IZA DP No. 15311: Types of Communications Technology and Civil Conflict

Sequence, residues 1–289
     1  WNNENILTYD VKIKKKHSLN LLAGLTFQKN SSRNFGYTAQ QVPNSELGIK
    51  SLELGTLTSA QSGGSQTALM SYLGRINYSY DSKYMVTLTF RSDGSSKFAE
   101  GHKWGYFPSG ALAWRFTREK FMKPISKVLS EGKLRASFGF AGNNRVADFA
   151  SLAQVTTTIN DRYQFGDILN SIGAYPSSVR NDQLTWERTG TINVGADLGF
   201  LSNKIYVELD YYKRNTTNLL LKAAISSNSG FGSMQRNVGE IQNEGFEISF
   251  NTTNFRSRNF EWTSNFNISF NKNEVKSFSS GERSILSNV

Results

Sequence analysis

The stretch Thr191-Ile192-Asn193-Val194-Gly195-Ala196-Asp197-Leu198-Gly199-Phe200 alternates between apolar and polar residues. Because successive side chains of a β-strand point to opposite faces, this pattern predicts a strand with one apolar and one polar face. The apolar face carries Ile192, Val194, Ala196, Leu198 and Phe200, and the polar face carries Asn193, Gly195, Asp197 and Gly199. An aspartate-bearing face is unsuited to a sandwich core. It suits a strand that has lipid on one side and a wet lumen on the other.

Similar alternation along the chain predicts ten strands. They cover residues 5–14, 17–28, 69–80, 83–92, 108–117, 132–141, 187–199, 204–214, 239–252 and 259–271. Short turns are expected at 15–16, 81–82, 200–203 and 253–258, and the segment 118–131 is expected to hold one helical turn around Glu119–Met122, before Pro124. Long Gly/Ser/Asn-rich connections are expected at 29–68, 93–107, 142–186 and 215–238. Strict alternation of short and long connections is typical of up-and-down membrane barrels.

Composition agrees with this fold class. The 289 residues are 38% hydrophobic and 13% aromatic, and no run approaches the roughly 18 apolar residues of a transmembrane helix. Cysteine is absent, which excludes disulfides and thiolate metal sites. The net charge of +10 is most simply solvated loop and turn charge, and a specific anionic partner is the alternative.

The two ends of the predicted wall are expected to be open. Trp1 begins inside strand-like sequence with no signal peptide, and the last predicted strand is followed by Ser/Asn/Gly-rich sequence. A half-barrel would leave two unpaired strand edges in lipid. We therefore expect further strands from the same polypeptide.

This paper introduces a unifying theoretical framework to understand the relationship between different types of communications technology (CT) and the incidence of civil conflict. In our model, one-way CT allows the government to broadcast messages they use to (mis)inform dissidents about the size of the available rents. This decreases the dissident group’s marginal returns from fighting against the government. Two-way CT facilitates dialogue among dissident group members, helping them to overcome coordination issues and improve their chances of winning a fight against the government. The model predicts one-way CT decreases and two-way CT increases conflict incidence. Empirical evidence from country-level panel databases (studying up to 189 countries) and individual-level survey responses (from up to 74 countries) is consistent with these predictions. Radio and television penetration and usage are associated with diminished levels of civil conflict and anti-government attitudes. On the contrary, cell phone and internet penetration and usage correlate with greater likelihoods of conflict and higher anti-government sentiment.